There's a blank page, and on that page, waiting to be born, is the opening sentence. It's a writer’s greatest torment and seduction. For Jack Driscoll, it’s irresistible. He’s the author of eleven books of poetry, novels, and short stories. His new story collection, The Goat Fish and the Lover’s Knot (Wayne State University Press, April 2017), was no different. It's a work of love of, sometimes a struggle with, the craft of writing, sometimes with a muse on fire.
“Nothing ever comes full-blown to me,” Driscoll says. “In fact, I have no clue where I’m headed. But I believe that if I can write an opening sentence that’s interesting enough for me, then I can get a story, having no idea where it’s headed.”
Driscoll is known for his unwavering belief in revision. He's said to have never written a sentence he didn't revise at least once. Even so, when it comes to The Goat Fish and the Lover’s Knot…
“It was maybe the single greatest writing stretch of my life,” Driscoll says. “In any genre. They just came. It was the kind of fire I hadn’t experienced in a long time.”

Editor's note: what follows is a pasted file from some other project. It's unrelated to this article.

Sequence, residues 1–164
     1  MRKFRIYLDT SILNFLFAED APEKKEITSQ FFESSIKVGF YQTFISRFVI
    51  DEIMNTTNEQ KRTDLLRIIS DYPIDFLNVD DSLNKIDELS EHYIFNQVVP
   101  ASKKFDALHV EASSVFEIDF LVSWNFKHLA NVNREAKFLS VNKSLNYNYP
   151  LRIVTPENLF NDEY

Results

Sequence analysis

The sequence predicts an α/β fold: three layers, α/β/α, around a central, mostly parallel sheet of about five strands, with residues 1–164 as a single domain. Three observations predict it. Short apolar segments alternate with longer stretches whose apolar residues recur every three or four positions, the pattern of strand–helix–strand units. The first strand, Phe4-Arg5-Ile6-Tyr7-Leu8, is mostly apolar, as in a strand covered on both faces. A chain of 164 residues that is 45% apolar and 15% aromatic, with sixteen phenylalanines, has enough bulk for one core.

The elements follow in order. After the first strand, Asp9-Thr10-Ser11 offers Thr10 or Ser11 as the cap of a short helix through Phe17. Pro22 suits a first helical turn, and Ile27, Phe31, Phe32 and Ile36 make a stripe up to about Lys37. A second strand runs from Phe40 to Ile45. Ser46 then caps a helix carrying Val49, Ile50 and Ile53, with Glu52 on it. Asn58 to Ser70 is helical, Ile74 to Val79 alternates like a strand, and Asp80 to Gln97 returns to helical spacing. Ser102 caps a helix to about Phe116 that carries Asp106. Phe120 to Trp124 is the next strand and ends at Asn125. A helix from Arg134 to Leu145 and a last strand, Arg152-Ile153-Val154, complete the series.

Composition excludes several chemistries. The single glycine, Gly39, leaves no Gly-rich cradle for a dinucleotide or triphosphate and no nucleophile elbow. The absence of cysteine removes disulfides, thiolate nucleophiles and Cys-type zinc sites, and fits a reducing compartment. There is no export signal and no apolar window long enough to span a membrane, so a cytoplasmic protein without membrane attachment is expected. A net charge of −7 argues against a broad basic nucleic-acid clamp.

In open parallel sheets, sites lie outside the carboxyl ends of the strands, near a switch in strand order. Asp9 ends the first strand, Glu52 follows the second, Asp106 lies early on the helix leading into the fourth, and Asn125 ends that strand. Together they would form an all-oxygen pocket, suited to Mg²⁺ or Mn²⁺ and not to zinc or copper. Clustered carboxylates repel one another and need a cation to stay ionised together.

As with most of Driscoll's work, most stories in his latest book are based in Northern Michigan, where he lives. Driscoll says place is often as much of a character in his stories as the people who inhabit them. He says he loves to write about people “who dare to hope against hope, even when the odds are so stacked against them.”
As important as writing is to Driscoll, he cherishes the work of his students as much, if not more, than his own. He teaches in Pacific University’s low- residency MFA program in Oregon. With a personal library that takes up an entire room in his home, Driscoll reserves one section exclusively for the published work of his students.
“Nothing buoys my spirits more than seeing my students do well,” he says. “My wife and I are bibliophiles, book collectors. I don’t know how many thousands of books (we have); I’ve lost count. But I would give away all the other books I own just to keep that one shelf of books by my students.”
Driscoll's advice to his students and other writers: "Touch your work every day.” And never fear revision.
Jack Driscoll is a two-time NEA Creative Writing Fellowship recipient and the author of eleven books, including the short story collections, Wanting Only to Be Heard (winner of the AWP Short Fiction Award) and The World of a Few Minutes Ago (winner of the Society of Midland Authors Award and the Michigan Notable Book award).
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